But those first few years show how much more there is to learn! First there is the adjustment to the new sights and sounds, then a new set of co-workers, then a new job, and of course there is langauge learning!  We want to provide excellent medical care but face the obstacles that often exist in resource-poor settings.

On top of these things, in those first years we may also be working on:

  • issues of marriage and singleness
  • growing a family
  • integrating spiritual and physical ministry into practice
  • understanding how our role fits with the vision and strategy of mission and church
  • doing things outside of his or her training, such as leading a team or projects
  • conflict and team formation
  • identity issues (“who am I really?”)

During this intense time of learning and growing, sometimes I am asked for advice on getting futher training: should I do an MPH degree?  get tropical medicine? learn more about management and leadership?

Looking back over my own 30 years with SIM in medical missions, I think I tried to do too much too early. So my suggestion is this: take a longer view and then break it up into steps.

The complexity of the task means that if we try too much too soon, we won’t do anything well. So in the early years it may be best to focus on the basics: our relationships, especially marriage/singleness/family; language learning; and practicing what we have been trained to do.

Then it will become clear what is needed for later stages.  Not everyone needs to go on and do a public health degree.  Not everyone needs to go to seminary.  Not everyone needs to become skilled in management.  But everyone should grow in their understading of their gifts and abilities, and over time, take on new challenges. Everyone should grow in grace and the knowledge of our Lord Jesus Christ.

“For we are His workmanship, created in Christ Jesus for good works, which God prepared beforehand that we should walk in them.” (Eph 2:10).

The process of discovering those good works prepared for us by God is a journey.

Let’s take it one step at a time.

 

Too much to do? Time to re-examine our own assumptions!

Stress and burnout are recognized themes in medical missions.  One source of stress is the sheer magnitude of physical needs; one billion people in our world have no access to a trained health worker and healthcare workers often stand in the gap.

In the face of overwhelming need how do we maintain healthy margins?  Overextended, we lose our compassion, damage relationships, and often leave our fields of service early.  Yet, the pressure is there, since the patients show up, the children are literally dying, and there is often no alternative for those who are the most marginalized.  Wouldn’t Jesus have compassion on the sick and dying?

In the late 1980s I was in a similar situation in southern Ethiopia, where I was called to lead a small team to treat patients dying among the Mursi tribe; hundreds were dying around us from meningococcal meningitis.  While we had some effective antibiotics we couldn’t get ahead of the need – patients were dying faster than we could treat them.  In our case, the answer was not so difficult, as the Ethiopian ministry of health asked us to bring along their workers and meningitis vaccine; thus we were both able to save many who were ill, but also prevent new cases with vaccine.  Caring for the ill and prevention went hand in hand – with a team approach.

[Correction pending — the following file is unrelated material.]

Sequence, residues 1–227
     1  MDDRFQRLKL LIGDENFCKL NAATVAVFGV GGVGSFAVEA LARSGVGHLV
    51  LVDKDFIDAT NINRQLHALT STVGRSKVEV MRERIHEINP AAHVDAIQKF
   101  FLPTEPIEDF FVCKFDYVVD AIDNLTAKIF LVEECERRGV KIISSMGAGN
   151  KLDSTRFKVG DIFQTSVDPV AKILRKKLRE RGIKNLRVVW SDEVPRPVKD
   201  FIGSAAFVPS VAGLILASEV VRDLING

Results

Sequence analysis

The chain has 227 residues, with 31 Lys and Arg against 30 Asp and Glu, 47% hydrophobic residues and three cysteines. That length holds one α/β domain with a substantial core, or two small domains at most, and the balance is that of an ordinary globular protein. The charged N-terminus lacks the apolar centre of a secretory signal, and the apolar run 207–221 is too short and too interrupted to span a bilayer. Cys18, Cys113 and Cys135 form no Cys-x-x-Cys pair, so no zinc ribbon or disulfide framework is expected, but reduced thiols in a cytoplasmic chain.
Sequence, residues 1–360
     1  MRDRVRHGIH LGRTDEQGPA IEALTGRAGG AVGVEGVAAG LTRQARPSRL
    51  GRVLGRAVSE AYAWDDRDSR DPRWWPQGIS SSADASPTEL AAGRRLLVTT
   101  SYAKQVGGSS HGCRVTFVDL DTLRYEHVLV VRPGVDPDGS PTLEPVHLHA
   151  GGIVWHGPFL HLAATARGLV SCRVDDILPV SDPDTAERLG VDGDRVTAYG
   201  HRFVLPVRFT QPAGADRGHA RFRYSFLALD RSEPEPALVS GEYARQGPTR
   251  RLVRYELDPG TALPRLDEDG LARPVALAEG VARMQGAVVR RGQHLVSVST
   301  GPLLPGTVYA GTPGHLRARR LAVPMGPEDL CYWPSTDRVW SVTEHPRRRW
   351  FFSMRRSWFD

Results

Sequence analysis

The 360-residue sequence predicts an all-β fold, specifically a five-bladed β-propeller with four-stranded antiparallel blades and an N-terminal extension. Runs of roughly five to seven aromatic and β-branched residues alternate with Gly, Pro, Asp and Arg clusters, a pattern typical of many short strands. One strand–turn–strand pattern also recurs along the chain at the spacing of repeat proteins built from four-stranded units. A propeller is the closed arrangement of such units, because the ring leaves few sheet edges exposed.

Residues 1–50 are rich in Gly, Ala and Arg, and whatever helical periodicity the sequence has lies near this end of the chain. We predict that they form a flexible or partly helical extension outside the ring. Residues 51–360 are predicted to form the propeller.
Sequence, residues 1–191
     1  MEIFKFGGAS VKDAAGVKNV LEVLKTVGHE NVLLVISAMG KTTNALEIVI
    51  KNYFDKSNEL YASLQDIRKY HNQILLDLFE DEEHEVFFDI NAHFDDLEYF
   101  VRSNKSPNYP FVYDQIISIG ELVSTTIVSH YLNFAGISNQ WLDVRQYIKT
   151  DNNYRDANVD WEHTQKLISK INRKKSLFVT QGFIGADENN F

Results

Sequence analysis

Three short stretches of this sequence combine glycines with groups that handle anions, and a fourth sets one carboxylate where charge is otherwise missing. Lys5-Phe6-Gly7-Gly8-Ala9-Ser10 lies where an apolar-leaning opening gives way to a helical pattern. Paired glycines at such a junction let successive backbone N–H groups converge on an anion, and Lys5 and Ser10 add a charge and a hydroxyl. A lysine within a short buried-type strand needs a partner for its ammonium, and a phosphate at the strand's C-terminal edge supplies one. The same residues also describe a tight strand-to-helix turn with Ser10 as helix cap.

But what about a hospital or clinic where the people come each day and yet the facility and staff are still overwhelmed?

One approach has been to assign numbers to non-emergency patients to limit those who can be seen on a given day.  Other barriers have been erected, such as raising fees – although this limits care to those who are most vulnerable and thus tends to defeat our purpose.  Outpatient clinic hours can be trimmed.  Specialty clinics can be opened only certain days.  All these efforts are ways of establishing boundaries and limits.  Some are needed; some are painful.

Yet, our hearts as medical providers are driven by compassion; we want to see as many as possible.  Compassion is from the Lord, and our instincts may be noble. But unexamined assumptions may contribute to our own burnout and long term lack of fruitfulness.

As medical healthcare workers and missionaries, do we recognize our own limits and vulnerabilities?  Or are we driven by a “Savior” complex where we must be the answer to everyone’s need?  Do we allow the needs to constitute our call, or does Jesus Christ shape the call?  If we are called and empowered by Him (as the true vine) then we (as his branches) can only produce eternal fruit as we allow Him to work through us.  Yes, this kind of ministry can be overwhelming, even impossible.  Are we connected to Him as the vine well enough that the life-giving grace of God gives us wisdom and strength?  Or have we subtly become “the vine” ourselves in the midst of the needs?

We do want to give our lives for others.  Good.  But our own wisdom and strength quickly fades and we must come to Christ and His word.  We might have the desire to “burn out for Jesus” but taken to the extreme we will damage our family and other relationships.  Exhaustion and callousness on a chronic basis are not the ‘living stream of water’ that Jesus promised would come from our hearts!

What is our ultimate purpose in medical missions?  It is to glorify Jesus Christ.  We become like a seed which falls into the ground; it must die and spring up with new life.  My hospital, my program, my health teaching – these are all means God uses to show His character through suffering and healing, to make disciples, to enable others to connect to the vine – ultimately serving others by God’s grace.